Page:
The pound remains at its highest level against the euro since November 2008 despite the poor economic conditions in the UK after the European Central Bank (ECB) cut euro zone interest rates by 0.25% to 0.75% last Thursday; Monday saw yields on the latest Spanish bond sale top 7% (Yields of 7%+ triggered the bailouts for Greece, Ireland and Portugal in the last 3 years) and yesterday, the German Constitutional court threatened to delay German participation in the euro zone’s latest bailout scheme, the European Stability Mechanism (ESM).
The US dollar also reached a two year high against the euro yesterday.
The euro remains centre stage, mostly for the wrong reasons. Yesterday, Italian prime minister Mario Monti sparked a fresh wave of nerves about the euro zone crisis when he did not rule out the country needing further bailout funds. This after the decision of the German Constitutional Court to start a hearing looking at whether the ESM and expected changes to the euro zone’s budget rules are in line with German law.
In addition, in talks that dragged on long into the night, euro zone finance ministers announced an extension of Spain’s deadline for containing its fiscal deficit and confirmed that €30 billion has been made available to help Spanish banks.
The euro zone finance ministers decided to give Madrid an extra year to reach the 3.0% GDP/deficit target (2014).
Meanwhile, the EU Commission along with the ECB and the IMF are currently conducting its seventh review of the Irish adjustment programme and the fifth review of the Portuguese program
Whilst the pound continues to make and keep hold of gains against the euro, the problems of the UK economy are undermining its value against the majority of the 16 most actively traded currencies in the market. The National Institute of Economic and Social Research (NIESR) reported yesterday that UK gross domestic product (GDP) declined by 0.2% in the second quarter of this year.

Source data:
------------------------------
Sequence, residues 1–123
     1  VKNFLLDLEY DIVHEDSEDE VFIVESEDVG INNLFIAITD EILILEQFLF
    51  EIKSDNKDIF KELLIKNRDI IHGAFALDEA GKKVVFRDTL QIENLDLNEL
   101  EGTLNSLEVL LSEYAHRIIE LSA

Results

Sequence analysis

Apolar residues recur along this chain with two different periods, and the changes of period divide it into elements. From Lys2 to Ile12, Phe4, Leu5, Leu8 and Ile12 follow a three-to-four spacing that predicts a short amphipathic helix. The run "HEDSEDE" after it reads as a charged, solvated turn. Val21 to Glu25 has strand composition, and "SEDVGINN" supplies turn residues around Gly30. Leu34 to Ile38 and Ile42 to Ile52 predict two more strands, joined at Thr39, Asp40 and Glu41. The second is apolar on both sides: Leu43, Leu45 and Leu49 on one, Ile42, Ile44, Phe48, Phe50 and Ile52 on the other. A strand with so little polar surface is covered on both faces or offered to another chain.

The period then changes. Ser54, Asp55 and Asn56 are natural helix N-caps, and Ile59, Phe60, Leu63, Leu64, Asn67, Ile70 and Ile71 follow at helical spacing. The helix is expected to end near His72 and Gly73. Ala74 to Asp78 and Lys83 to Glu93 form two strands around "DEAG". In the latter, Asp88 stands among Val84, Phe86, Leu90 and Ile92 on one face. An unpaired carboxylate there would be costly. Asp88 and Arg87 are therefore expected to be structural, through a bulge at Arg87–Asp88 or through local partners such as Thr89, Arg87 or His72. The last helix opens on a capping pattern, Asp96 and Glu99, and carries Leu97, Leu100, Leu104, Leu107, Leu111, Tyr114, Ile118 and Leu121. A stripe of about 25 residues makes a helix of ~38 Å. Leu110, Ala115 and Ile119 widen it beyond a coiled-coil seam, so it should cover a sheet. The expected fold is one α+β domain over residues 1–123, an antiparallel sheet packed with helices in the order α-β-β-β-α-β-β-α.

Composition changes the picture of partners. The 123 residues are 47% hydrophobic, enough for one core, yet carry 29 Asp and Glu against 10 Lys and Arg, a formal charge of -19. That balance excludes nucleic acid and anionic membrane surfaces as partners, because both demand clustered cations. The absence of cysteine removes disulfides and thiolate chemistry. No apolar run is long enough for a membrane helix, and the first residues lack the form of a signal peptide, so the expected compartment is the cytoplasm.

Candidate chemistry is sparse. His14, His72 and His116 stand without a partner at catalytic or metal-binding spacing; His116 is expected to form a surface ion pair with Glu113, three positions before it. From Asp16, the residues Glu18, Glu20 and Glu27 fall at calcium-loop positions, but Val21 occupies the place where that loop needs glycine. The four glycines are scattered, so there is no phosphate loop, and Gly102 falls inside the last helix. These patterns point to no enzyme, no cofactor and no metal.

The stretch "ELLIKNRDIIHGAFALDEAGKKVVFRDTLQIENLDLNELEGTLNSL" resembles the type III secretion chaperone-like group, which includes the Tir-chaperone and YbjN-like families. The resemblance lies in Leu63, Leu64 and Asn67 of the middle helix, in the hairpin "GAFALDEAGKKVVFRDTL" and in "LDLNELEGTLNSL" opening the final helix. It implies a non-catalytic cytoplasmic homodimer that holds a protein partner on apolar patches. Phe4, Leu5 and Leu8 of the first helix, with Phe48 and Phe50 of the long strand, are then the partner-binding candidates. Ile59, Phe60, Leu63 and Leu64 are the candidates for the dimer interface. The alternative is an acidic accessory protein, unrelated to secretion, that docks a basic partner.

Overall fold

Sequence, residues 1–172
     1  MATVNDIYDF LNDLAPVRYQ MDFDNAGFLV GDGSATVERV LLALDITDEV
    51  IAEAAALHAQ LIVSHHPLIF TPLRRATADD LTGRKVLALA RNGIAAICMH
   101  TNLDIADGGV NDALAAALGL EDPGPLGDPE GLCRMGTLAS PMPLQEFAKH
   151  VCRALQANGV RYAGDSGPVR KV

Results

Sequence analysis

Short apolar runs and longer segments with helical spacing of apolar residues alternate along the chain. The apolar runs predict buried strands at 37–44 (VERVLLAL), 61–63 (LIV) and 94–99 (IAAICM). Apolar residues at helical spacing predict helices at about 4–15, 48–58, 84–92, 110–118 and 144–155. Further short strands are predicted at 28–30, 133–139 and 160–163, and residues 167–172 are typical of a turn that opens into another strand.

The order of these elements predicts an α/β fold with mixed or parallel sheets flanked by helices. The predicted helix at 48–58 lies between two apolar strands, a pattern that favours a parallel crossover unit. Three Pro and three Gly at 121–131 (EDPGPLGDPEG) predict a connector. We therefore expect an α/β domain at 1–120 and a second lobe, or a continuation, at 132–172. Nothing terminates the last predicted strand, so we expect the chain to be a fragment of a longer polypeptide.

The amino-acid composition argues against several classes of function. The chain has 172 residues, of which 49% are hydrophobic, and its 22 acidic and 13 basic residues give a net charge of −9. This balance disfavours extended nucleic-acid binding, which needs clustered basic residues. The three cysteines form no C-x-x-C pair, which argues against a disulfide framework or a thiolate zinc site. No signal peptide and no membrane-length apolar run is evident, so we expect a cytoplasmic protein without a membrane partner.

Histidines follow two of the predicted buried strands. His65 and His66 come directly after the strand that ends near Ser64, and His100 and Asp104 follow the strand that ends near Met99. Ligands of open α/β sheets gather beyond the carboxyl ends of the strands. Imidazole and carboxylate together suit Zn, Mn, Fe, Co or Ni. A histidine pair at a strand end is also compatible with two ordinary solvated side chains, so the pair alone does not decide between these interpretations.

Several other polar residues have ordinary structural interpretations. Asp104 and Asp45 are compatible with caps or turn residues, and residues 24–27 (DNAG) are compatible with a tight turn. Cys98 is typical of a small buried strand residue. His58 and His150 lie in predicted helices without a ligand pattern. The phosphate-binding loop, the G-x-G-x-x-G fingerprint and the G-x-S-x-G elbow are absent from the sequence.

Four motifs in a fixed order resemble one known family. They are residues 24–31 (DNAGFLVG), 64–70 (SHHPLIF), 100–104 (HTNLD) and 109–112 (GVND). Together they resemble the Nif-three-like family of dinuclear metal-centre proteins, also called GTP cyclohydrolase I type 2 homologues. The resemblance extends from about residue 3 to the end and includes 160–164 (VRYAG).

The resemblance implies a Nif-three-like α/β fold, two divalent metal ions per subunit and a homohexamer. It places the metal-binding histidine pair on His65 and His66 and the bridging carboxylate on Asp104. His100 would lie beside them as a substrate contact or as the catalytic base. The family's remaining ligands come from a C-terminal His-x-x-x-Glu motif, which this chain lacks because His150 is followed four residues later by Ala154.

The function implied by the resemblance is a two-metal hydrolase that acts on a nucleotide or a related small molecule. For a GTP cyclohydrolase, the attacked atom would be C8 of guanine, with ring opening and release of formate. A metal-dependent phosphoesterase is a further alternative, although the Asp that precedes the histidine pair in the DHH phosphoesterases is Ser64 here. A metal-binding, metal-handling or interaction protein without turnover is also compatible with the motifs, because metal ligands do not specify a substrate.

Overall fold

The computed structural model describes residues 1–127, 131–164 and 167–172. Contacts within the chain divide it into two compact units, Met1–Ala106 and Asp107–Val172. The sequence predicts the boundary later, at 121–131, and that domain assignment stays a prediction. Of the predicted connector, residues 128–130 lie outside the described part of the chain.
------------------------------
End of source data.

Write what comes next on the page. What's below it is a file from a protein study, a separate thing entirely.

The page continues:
The NIESR estimates that underlying growth for the three months to June was around +0.2% suggesting that the UK economy remains broadly flat, a trend that has persisted for around 24 months.
Meanwhile, in a radio interview with the BBC, the Governor of the Bank of England (BoE) Sir Mervyn King put forth a gloomy view of the UK economy, saying that, “the economy has basically been flat for two years and doesn’t show a great deal of signs of impending recovery.” At the same time, King expressed his worry about the outlook for UK exports. In his own words, “I am worried about the outlook for exports because Sterling has risen over the past year and that’s going to be a challenge (because of the state of the euro area).”
King also reiterated his belief that normal basic banking activities that apply to households and small businesses must be separated as far as possible from the investment banking activities and that more competition needs to be introduced into the UK banking sector.